Photo: Phuong D. Nguyen/Shutterstock

How to: Independently Trek Nepal's Annapurna Sanctuary

by Matt Huntington Jan 24, 2017

After a year of penny-pinching, my partner and I launched a year-long travel sabbatical. First stop — Nepal. We’d been talking about trekking the Annapurna Sanctuary for months, and we planned to do it alone, with no guide or porter.

What follows is the route we took, where we slept and ate along the way, the items we packed, and some general tips for taking on one of the world’s best treks.


October – November is supposedly the best time to trek — post-monsoon with few clouds and clear views. And this is when everyone hits the trail.

Through chance, we arrived in Pokhara — the jumping off point for the trek — a little early, in mid-September. It rained for several days. Then, for 8 days and 9 nights (9/24-10/2), we got sunny weather and unbelievable views.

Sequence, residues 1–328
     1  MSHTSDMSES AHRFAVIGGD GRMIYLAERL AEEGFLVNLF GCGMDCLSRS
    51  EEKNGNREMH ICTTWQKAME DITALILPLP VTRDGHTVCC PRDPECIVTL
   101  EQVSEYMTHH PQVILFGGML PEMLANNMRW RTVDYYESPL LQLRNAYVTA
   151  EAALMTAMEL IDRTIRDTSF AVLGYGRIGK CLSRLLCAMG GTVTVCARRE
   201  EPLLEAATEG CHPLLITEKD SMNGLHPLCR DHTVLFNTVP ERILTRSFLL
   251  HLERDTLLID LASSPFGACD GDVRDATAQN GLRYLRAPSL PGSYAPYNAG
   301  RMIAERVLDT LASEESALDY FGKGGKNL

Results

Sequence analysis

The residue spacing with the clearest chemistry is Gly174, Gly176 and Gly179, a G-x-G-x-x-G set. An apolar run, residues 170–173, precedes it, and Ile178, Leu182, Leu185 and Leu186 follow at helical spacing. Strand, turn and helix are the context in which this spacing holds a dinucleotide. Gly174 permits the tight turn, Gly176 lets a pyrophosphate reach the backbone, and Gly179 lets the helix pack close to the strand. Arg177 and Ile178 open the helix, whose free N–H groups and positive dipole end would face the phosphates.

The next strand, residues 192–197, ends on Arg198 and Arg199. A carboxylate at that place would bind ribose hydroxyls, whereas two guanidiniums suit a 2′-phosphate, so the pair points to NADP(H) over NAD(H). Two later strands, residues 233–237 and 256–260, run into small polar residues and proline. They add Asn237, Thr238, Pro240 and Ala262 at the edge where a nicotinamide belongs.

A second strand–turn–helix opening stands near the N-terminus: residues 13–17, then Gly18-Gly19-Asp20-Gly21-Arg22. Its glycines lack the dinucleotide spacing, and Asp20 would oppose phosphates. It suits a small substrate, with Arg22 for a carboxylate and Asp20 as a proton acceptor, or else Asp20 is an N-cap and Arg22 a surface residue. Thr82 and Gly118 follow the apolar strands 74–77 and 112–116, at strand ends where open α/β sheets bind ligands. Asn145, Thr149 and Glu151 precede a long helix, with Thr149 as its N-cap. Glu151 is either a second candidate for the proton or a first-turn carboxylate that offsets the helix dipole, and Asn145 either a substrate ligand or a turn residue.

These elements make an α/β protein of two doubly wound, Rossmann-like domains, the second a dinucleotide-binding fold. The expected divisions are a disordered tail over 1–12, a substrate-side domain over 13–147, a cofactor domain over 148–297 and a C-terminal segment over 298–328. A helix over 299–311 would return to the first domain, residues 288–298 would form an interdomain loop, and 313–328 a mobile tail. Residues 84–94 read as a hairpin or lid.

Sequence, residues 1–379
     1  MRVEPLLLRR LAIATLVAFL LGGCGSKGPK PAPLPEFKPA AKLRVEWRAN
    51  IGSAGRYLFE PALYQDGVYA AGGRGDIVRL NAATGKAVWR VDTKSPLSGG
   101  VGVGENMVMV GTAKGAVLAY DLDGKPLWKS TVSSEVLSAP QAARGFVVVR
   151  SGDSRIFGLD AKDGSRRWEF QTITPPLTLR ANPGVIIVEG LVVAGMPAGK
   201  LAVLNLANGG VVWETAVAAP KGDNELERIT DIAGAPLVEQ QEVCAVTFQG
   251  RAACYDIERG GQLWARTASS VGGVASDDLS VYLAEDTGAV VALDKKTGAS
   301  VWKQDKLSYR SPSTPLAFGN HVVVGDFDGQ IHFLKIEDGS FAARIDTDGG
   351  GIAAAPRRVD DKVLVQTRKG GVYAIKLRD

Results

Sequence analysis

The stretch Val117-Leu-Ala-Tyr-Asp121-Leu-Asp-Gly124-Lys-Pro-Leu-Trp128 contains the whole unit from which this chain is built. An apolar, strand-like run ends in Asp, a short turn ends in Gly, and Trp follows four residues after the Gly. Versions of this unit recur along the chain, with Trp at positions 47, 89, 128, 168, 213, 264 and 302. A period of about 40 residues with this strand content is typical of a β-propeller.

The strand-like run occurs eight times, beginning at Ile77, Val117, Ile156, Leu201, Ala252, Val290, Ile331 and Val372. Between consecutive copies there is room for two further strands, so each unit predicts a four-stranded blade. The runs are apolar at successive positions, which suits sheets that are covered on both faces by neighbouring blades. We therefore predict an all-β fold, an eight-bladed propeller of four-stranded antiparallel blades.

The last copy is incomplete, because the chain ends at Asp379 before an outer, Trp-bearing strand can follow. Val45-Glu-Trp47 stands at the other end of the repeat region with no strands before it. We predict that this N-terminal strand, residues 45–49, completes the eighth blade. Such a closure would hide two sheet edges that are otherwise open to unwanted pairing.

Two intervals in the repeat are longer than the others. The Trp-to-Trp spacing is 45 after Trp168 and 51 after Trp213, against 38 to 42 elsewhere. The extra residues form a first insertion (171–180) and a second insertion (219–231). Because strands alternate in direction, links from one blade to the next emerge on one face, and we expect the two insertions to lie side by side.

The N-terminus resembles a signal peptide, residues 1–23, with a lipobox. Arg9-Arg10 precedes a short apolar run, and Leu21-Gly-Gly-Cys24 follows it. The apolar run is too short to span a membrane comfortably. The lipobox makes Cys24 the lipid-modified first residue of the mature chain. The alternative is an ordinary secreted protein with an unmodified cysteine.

There was the occasional early evening shower, but I would highly recommend taking a late-monsoon-season gamble to avoid the crowds.


The Annapurna Wilderness is connected by an expansive network of trails that link the Circuit and Sanctuary treks. The Sanctuary is the shorter of the two, with the finish line of Annapurna Base Camp (A.B.C.) at 13,550ft and a 360-degree view of the range.

Only one trail leads up to A.B.C., but there are a couple ways to get to that single route (see below). Buy a map once you’re in-country, do a little research, and talk to locals and you’ll easily determine what works best for you. This is what we did:

Day 1: Phedi to Pothana
Hike time: 4hrs
Our 30min cab ride from Pokhara to the trailhead at Phedi cost 600Rs (Dhampus, where the trail winds through the village to meet a dirt road. After Dhampus it veers off again — this was the first and last road we came across.